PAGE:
Nonetheless, Countrywide’s $335 million payout also shows that lenders are not out of the woods. While statistical significance may not demonstrate commonality across a class of potential plaintiffs, it can create a substantial risk of liability, particularly in the context of an enforcement action brought by the Attorney General of the United States on behalf of the very same “class” of allegedly injured consumers.

    The complaint filed by the United States against Countrywide was brought pursuant to sections of the FHA and ECOA that allow for enforcement actions to be maintained by the Attorney General on behalf of “aggrieved” persons or credit applicants. See 42 U.S.C. § 3614; 15 U.S.C. § 1691e. The FHA further provides that in such enforcement actions a court my grant the relief that it deems appropriate, including “monetary damages to persons aggrieved,” (emphasis added), who are defined as persons who “[claim] to have been injured by a discriminatory housing practice . . . .” 42 U.S.C. § 3614(d)(1)(B); 42 U.S.C. § 3602(i). The ECOA also provides that “the Attorney General may bring a civil action…for such relief as may be appropriate, including actual and punitive damages and injunctive relief.” 15 U.S.C. § 1691e(h).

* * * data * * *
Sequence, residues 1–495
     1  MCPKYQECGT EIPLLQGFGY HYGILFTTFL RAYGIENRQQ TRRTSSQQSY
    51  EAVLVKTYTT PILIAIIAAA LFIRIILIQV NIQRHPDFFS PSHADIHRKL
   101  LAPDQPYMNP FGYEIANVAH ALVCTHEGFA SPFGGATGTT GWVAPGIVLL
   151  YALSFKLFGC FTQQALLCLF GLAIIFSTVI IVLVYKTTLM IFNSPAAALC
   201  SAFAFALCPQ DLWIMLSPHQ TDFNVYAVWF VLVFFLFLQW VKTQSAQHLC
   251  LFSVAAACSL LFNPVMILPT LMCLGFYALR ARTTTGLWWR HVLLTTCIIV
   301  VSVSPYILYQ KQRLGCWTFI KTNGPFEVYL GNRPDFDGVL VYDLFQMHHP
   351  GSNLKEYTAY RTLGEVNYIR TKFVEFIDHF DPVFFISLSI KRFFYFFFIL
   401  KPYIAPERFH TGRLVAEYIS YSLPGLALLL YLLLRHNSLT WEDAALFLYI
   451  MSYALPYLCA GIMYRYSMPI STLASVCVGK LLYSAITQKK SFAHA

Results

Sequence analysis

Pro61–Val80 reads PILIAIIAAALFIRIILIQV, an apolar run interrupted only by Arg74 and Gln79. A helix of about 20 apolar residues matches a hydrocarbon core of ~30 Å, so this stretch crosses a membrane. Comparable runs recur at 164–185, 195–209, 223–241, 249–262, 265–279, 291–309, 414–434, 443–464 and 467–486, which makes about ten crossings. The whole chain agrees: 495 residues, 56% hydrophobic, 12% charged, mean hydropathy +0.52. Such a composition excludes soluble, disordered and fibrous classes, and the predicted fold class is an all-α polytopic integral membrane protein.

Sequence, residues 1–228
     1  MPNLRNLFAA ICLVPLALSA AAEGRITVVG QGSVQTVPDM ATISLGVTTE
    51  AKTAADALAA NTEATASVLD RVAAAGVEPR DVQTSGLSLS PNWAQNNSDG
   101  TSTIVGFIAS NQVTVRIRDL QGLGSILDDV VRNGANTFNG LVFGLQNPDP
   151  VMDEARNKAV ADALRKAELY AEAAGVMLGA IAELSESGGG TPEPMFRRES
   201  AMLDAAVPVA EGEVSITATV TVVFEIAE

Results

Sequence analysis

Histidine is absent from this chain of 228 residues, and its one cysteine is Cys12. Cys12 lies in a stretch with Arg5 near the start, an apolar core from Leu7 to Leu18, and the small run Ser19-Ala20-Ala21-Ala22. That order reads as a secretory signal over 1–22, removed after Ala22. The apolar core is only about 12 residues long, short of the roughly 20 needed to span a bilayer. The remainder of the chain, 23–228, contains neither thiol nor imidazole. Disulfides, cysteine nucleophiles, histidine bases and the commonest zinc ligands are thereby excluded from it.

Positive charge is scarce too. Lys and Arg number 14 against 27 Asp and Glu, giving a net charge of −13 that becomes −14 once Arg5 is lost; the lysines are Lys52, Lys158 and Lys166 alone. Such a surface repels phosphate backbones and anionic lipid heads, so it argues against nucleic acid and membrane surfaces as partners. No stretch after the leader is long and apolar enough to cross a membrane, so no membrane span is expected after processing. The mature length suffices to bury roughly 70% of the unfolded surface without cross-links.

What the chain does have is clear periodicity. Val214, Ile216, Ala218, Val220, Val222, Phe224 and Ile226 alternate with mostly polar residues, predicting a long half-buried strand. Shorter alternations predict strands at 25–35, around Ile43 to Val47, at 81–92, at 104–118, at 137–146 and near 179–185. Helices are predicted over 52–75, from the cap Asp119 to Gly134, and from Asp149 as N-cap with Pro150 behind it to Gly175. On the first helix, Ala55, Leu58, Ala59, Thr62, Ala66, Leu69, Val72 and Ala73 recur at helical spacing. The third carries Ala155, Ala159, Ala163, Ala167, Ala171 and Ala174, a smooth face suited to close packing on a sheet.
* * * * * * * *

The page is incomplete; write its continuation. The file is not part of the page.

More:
As a result, while Dukes may throw a wrench in the procedural machinery of Rule 23 discriminatory lending actions under the FHA and ECOA, it is of little use to lenders who are faced with defending what amount to claims for class-wide recovery but where the “class plaintiff” is the Attorney General himself. In such cases, the United States does not have to show any “common mode” in which loan officers and brokers exercised their discretion or produce any evidence that there is a common injury among all of the “aggrieved persons” on whose behalf the Attorney General brings the action.

    For this reason, then, when analyses of Countrywide retail loan originations between 2004 and 2008 allegedly “demonstrate[d] statistically significant discriminatory pricing disparities…,” it is understandable why Bank of America may have seen fit to ink “the largest fair housing accord in U.S. history.” [Bruce, R. Christian, BNA Class Action Litigation Report, "$335M Settlement on Countrywide Mortgages Signals Long-Term Litigation Risk for Banks," 2012.]

    Whether the Attorney General (and his state counterparts, like Illinois Attorney General Lisa Madigan, who sued Wells Fargo in 2009 under state fair lending and civil rights laws) will remain the driver behind large-scale lending discrimination lawsuits for the foreseeable future remains to be seen. In particular, the issue of whether the FHA actually allows for disparate impact claims is an open question to be decided by the Supreme Court in Magner v. Gallagher, U.S., No. 10-1032, cert. granted 11/7/11, which is set for oral argument on February 29, 2012. Not surprisingly, the United States has filed an amicus brief in support of the legal cognizability of such claims under the FHA.

    And so, even if Dukes spells the beginning of the end for this particular brand of discriminatory lending class actions, it may be just the beginning for Uncle Sam . . . at least until Magner is decided or the Attorney General decides to change course.